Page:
I do another set of numbers every morning these days:  take my blood pressure and pulse.  The routine: plug the CGM into the computer so the weekly report can be calculated, then put on the blood pressure cuff and feel it tighten.  When the blood pressure and pulse appear, the CGM report is done too, and I write all the data down on my neon-bright numbers papers. I feel relief seeing the clearly normal numbers in their official format, day after day, even though I continue to have irksome symptoms.  The cardiologist took the time to review the numbers I've tracked, and their normality caused her to think about what other factors might be in play--another test, and perhaps an answer.

Reboot/Wikimedia Foundation/wikimedia commons
Source: Reboot/Wikimedia Foundation/wikimedia commons

I then quickly scan the “blogger home” page for my blog, note the number of views of the last post, which is useful, if vague, info about interest in the topic I addressed. I check the number of views of all my posts in the last week.  If that’s falling off, I need to get the next post up.  My last check is the total number of views since I started the blog. I delight in increases in views because Agent Carolyn tells me that publishers are interested in such statistics, assuming that they indicate a potential readership for a book.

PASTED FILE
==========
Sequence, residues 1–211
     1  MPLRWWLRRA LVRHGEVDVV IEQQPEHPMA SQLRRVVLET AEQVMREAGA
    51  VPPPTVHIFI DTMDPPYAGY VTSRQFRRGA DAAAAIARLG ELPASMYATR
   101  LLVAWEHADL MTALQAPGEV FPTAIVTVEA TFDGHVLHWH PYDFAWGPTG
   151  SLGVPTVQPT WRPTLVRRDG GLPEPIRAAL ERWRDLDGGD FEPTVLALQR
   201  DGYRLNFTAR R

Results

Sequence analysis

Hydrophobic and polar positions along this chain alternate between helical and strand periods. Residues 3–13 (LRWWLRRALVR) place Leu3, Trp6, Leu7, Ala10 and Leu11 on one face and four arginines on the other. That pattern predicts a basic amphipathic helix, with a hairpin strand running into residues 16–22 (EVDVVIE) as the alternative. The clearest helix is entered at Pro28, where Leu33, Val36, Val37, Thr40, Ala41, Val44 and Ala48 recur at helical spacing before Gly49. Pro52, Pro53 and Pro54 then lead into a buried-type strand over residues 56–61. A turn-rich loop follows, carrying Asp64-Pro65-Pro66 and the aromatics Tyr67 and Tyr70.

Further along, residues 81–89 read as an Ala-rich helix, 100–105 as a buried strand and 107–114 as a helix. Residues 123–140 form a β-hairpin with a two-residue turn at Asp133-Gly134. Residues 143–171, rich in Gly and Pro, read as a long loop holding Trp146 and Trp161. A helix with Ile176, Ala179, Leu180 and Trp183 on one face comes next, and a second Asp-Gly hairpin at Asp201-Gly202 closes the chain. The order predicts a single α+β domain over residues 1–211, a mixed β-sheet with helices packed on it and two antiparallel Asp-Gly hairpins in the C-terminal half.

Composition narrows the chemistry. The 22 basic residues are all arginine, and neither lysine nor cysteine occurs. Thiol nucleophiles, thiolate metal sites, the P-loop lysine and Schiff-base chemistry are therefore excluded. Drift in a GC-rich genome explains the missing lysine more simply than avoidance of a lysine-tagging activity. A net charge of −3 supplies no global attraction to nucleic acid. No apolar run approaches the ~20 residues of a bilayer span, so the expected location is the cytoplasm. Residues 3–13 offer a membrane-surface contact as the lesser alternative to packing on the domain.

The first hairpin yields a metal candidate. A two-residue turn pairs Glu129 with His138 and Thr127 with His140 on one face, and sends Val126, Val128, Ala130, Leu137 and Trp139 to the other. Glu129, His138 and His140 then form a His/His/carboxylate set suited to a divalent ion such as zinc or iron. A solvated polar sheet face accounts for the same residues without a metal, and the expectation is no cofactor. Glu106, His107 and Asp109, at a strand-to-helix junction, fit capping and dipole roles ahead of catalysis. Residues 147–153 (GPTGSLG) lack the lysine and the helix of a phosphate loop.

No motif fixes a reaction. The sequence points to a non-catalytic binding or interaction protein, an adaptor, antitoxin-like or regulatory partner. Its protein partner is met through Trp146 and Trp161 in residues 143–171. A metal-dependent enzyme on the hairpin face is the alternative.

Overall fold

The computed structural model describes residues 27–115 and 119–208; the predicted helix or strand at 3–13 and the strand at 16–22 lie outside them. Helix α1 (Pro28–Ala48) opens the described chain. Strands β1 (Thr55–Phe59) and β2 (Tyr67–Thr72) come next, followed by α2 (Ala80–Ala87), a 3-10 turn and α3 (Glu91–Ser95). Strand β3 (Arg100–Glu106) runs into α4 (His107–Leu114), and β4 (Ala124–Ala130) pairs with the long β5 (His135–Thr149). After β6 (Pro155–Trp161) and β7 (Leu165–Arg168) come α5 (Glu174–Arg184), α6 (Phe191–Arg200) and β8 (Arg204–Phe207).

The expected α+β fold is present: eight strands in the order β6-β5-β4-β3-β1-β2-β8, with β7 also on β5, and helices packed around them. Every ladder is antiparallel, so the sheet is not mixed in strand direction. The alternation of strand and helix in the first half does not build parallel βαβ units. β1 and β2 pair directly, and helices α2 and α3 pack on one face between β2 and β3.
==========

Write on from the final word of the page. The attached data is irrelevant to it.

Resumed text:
There are other areas in my life where I am working on making numbers work for me.  Among them: minutes on the elliptical at the gym.  I don’t feel like I need to increase the minutes daily.  Instead, I’m working on an upward trend, just as I am working on a downward trend in blood sugar.  Trends show the bigger picture and make note of incremental shifts.  In many changes in life—particularly changes of habit—increments are the unit of choice.  The unit “mg/dl” doesn’t matter in my daily life, but the trend up or down does matter in how I feel and in my ongoing health.

Numbers externalize sensitive psychological challenges: my childhood history with diabetes is loaded with difficult feelings, including anxiety, failure, shame.  Now that I can work with the numbers that diabetes management is all about, I can separate from the scared little girl whose hypoglycemic brain didn’t work, or who minded people telling her she couldn’t have ice cream, or felt embarrassed and flawed when a doctor commented, “You can do better than that” when she showed him her blood glucose log. 

My blood pressure and heart rate issues are still a bit of a mystery after the usual tests.  While the symptoms make me uncomfortable and uneasy, new medication keeps the pulse lower and reassures me that I’m really not going to die of a heart attack or stroke today.

The stats on blog views give me a sense of purpose in writing the blog and working on the book project—there is an audience out there, and I find the implication of social connection and communication emotionally gratifying and intellectually motivating. 

Numbers make complicated things (health, emotions, work, relationships) more manageable.  Tracking numbers has changed my life for the better.  When I was younger, I didn’t know the pleasure in making numbers work for me. Numbers were abstract, not symbolic.  Now that I can see what they mean in my life, I love them.

Oh, and by the way, my financial advisor Jon is smiling at me because he’s making yet another set of numbers serve me better than they did in the past. 

OpenClipart--Vectors/23303images/wikimedia commons
Source: OpenClipart--Vectors/23303images/wikimedia commons